It appears that there will be a change in the number of people on the board of the Lyons Township Treasurer of Schools Office, following legislation crafted by state Sen. Steve Landek and sponsored by state Rep. Mike Zalewski and state Sen. Antonio Munoz.

Instead of three elected members, there will now be four members elected by voters and three others appointed by school districts the office represents.

Landek’s parting gift to school districts served by the Township Treasurer’s Office (or TTO, for short) – after filing to run for re-election, Landek just announced he’s making way for longtime ally Mike Porfirio — is being painted as a compromise after years of questionable governance that has included a former treasurer being convicted of stealing more than $100,000 in agency funds and the agency’s board spending $4 million in a lawsuit where they collected less than $800,000 – not to mention its politically connected hiring practices.

The four elected members of the board will retain a majority on the future board, and traditionally those candidates have come from the ranks of those connected politically to the power structure that continues to give the TTO life.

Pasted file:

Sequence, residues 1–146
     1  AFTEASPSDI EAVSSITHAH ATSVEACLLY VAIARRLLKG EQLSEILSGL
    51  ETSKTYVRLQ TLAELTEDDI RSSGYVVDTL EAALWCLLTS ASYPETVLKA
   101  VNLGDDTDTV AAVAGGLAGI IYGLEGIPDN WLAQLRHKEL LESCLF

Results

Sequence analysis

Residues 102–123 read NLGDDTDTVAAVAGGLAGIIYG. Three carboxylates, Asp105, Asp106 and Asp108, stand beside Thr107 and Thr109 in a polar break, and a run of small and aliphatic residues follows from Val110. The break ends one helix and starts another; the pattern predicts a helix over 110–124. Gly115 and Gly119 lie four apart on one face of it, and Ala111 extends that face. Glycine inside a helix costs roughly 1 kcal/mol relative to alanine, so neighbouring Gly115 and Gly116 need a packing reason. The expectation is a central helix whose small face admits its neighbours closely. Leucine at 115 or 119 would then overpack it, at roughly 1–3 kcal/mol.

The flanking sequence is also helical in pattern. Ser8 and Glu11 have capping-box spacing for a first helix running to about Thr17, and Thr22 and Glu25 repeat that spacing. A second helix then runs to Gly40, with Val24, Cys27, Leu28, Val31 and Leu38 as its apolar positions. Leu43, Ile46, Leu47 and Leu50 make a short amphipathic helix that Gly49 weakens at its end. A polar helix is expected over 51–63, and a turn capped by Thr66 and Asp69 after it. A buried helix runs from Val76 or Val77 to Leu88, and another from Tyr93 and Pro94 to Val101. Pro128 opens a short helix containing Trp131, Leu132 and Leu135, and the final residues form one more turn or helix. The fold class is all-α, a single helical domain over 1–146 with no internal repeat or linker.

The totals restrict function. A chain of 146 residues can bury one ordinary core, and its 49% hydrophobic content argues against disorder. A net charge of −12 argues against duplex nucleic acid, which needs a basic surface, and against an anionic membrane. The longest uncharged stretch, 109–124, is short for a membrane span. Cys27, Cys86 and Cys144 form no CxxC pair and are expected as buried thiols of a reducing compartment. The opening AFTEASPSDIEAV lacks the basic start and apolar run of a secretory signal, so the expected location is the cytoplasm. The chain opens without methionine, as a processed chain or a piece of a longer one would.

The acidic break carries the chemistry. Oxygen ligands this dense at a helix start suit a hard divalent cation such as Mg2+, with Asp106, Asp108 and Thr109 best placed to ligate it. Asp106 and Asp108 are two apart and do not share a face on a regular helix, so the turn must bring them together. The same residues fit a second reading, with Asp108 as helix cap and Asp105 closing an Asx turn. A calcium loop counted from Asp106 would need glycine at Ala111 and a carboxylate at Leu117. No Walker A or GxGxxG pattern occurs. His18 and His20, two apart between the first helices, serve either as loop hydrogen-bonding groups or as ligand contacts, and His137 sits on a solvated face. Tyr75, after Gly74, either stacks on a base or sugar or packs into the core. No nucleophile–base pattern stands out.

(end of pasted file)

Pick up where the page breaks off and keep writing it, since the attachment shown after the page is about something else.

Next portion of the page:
Of course, there’s always the possibility that good-government candidates will want to line up to serve voters’ interests regarding this obscure, obsolete office. Good luck with that.

This is kabuki theater serving to maintain the status quo, and it will succeed, for now – until the next head-scratching example of wasteful governance, or worse. Until then, long live the TTO, if anyone cares.

A lasting memory

There’s something extraordinarily touching knowing that every time you see the Purple Prince crabapple tree in flower, overlooking the new canoe launch in Brookfield’s Kiwanis Park, you’ll think of Kendra Kuehlem.

The late village planner, just 27 at the time of her death and a full-time village employee for less than a year, leaves a legacy in the form of that tree, sustained in part by Kendra’s ashes buried among its roots.

It’s a perpetual sign of life born out of tragedy, a gift she and her family – her mom Amee, in particular – has generously shared with the village Kendra served.